Lanzarote has been welcoming tourists for well over forty years. Ever since the country was opened up to the package holiday industry by General Franco in the 1970´s when he sought to attract much needed foreign currency to his ailing economy.
On Lanzarote the development of this new industry was carefully controlled. Thanks to the influence of a local artist called César Manrique. Manrique feared that his beloved birthplace might suffer the same sort of fate as some of the Spanish Costas, which were being buried beneath a sea of concrete during the late 1960´s.
Manrique successfully secured an outright ban on all high rise buildings on the island whilst also sowing the seeds for a coherent development plan, which was designed to ensure that the bulk of Lanzarote remained untouched by tourism. So ensuring that the three main resorts on the island were also built in a carefully self contained fashion to lessen their impact on the island’s unique volcanic terrain.
Puerto del Carmen
Puerto del Carmen is the oldest and largest resort on Lanzarote. This is the spot where the first package tourists stayed in apartments located in the Old Town harbour area. But since these early beginnings the resort has expanded enormously and now stretches some 8km in the direction of the airport at Arrecife. Largely absorbing the neighbouring resorts of Los Pocillos and Matagorda into the bargain.
Puerto del Carmen today still revolves around the organic hub of the Old Town harbour, which is now home to a wealth of restaurants and bars. Whilst the best beaches can be found in the New Town, which essentially runs parallel with the largest of these stretches of sand, the aptly named Playa Grande, along the main thoroughfare of the Avenida de las Playas.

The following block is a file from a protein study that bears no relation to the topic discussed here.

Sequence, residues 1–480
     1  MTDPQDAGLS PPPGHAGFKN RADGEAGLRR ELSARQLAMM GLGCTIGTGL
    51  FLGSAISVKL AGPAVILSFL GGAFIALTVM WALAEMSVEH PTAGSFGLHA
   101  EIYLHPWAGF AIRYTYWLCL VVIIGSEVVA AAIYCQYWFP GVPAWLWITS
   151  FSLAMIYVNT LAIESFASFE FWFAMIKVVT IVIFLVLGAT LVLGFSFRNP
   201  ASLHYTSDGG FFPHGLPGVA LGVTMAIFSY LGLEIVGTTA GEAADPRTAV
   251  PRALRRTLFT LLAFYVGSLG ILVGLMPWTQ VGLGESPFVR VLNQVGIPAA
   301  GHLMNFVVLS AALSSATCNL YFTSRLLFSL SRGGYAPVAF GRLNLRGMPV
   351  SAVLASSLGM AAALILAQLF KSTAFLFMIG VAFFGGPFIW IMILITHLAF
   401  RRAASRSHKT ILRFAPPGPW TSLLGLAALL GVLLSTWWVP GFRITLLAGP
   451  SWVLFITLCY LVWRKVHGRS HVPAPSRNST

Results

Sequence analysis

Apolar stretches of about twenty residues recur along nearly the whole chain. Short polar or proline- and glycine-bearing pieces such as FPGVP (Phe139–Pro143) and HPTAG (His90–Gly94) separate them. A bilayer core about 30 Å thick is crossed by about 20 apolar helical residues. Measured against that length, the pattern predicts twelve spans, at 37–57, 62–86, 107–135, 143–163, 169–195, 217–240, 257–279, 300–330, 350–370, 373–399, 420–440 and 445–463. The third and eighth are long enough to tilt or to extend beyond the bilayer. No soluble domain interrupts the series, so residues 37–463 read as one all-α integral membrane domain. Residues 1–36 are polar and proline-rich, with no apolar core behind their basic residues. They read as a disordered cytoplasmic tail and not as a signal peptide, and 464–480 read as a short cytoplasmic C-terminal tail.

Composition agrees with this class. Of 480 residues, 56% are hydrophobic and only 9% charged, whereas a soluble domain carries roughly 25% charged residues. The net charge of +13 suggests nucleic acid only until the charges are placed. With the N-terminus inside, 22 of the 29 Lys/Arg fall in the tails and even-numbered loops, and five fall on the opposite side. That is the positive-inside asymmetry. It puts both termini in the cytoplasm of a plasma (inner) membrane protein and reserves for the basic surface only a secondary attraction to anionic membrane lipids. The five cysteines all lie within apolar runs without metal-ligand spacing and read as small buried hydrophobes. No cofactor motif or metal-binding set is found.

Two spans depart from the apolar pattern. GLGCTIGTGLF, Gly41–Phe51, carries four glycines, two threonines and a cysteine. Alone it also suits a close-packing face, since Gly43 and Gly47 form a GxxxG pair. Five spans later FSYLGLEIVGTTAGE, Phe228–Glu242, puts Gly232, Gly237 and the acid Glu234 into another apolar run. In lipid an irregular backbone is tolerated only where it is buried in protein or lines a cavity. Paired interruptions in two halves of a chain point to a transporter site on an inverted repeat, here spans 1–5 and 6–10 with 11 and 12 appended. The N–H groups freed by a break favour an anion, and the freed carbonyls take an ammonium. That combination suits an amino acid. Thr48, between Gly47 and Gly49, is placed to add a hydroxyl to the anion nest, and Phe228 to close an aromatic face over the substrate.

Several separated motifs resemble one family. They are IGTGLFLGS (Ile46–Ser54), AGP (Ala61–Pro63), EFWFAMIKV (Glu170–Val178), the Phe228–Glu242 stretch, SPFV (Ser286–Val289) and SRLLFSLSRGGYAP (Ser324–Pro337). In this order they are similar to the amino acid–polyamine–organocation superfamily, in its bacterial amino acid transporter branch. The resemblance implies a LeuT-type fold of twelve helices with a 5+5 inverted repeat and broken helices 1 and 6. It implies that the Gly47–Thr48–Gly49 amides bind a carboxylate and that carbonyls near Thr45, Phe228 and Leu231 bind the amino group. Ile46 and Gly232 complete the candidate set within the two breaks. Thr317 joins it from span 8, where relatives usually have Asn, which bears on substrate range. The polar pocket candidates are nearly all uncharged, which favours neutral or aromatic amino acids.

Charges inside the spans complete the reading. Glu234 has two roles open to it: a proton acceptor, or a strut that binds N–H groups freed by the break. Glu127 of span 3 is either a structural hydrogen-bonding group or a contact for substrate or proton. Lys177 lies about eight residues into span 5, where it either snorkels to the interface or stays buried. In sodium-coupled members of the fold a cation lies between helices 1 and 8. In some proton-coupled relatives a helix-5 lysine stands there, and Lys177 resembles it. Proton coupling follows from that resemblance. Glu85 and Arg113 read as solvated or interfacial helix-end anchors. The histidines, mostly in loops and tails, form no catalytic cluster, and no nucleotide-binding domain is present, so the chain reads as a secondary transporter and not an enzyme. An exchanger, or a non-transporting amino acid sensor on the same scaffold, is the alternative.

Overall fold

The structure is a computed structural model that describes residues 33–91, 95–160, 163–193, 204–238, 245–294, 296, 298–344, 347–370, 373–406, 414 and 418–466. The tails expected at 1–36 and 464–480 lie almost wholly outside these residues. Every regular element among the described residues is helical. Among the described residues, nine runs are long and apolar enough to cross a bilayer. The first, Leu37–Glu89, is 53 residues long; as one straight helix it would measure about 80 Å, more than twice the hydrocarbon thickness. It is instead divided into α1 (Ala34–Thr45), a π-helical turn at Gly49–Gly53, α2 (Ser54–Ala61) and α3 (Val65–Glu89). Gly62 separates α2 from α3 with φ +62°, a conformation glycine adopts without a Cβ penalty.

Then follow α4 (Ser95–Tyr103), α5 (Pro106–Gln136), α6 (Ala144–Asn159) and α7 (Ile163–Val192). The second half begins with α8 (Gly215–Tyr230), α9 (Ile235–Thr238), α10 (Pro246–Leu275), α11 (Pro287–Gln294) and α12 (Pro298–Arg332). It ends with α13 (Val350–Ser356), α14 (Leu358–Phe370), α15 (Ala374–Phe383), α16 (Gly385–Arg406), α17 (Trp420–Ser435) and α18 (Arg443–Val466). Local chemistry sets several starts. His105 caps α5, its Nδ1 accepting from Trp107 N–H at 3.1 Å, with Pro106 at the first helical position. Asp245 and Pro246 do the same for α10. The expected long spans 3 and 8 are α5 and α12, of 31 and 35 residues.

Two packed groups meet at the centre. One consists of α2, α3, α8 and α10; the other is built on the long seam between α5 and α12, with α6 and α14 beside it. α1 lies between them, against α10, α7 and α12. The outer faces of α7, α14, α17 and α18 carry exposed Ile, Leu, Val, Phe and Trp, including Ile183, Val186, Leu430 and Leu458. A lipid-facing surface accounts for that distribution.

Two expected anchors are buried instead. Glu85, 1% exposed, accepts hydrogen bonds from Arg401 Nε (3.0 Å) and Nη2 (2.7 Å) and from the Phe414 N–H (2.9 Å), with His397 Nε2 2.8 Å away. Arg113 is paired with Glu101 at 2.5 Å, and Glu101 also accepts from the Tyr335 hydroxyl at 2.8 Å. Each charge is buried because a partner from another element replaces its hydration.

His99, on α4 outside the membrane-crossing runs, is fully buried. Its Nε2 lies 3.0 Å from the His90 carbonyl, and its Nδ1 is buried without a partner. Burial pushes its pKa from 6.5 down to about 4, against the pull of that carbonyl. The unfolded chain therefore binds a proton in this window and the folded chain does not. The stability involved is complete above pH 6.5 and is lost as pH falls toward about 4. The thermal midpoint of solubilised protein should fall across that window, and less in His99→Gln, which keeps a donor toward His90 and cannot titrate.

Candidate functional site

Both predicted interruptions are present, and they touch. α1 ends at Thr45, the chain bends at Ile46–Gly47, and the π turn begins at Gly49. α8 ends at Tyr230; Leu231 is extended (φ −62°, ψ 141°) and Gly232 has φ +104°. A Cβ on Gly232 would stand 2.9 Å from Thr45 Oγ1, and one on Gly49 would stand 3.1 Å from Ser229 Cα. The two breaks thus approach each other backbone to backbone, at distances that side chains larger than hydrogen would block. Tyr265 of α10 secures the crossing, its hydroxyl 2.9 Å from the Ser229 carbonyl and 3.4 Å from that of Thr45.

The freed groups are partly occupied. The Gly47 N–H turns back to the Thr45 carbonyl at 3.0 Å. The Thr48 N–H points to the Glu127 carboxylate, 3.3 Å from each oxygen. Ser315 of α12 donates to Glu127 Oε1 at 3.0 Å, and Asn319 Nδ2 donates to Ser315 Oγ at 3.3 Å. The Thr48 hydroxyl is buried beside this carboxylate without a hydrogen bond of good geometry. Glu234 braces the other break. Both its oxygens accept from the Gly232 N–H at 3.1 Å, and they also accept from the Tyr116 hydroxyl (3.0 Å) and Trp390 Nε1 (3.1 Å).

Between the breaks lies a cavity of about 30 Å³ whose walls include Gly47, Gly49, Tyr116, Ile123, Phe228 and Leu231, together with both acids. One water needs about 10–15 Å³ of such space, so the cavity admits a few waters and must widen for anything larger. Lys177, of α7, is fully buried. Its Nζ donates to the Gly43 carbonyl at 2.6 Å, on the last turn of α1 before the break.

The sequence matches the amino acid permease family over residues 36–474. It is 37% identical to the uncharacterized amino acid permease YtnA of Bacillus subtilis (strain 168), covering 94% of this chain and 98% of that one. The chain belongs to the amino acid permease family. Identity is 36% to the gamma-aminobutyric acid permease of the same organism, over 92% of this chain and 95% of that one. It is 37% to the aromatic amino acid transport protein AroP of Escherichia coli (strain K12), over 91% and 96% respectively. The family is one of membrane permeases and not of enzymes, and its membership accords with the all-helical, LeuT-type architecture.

Despite its size and popularity Puerto del Carmen is only serviced by two four star hotels. As the bulk of the accommodation is comprised of budget holiday apartments and holiday villas.
Over the last year the local authorities have pumped around €16 million into revitalising the resort and improving the overall tourist offering. Creating a new marina in the Old Town harbour and a much improved beachfront promenade.
Playa Blanca lies at the southern tip of the island and was just sleepy little fishing village whilst Puerto del Carmen was expanding. All that has changed over the last decade as Playa Blanca has emerged to become the second most popular destination on the island. Aided by its clement microclimate and beautiful beaches and widely regarded as the best on Lanzarote.
Playa Blanca essentially comprises three small bays set within a larger cove and as such is very sheltered. With the whole resort united by a delightful seafront promenade.
Thanks to the fact that many of the hotels and villas in Playa Blanca have been built in just the last decade the facilities and amenities here are all virtually as good as new. Making it the ideal choice for families and couples seeking a good value break.
Costa Teguise is located towards the north of the island and was largely developed under the aegis of César Manrique in the 1980´s. As he sought to create a coastal sister resort to the former capital of Teguise located around 5km inland.
Costa Teguise was initially designed to be the upmarket relation to Puerto del Carmen. Anchored by the impressive five star Gran Melia Salinas hotel. And whilst initially this strategy paid off – with the resort attracting well heeled visitors from across Northern Europe – its appeal has faded a little in recent years. Not least as this part of the island can experience clouds and grey skies during the winter months whilst the south of the island is basking in sunshine.
This guest post was written by Nick Ball. Nick is the editor of Lanzarote Guidebook, the in-depth island information guide. Visit the site to download a free 96 page guidebook to the island and to book hotels, villas and apartments in Lanzarote.
Photo: World Marine Guide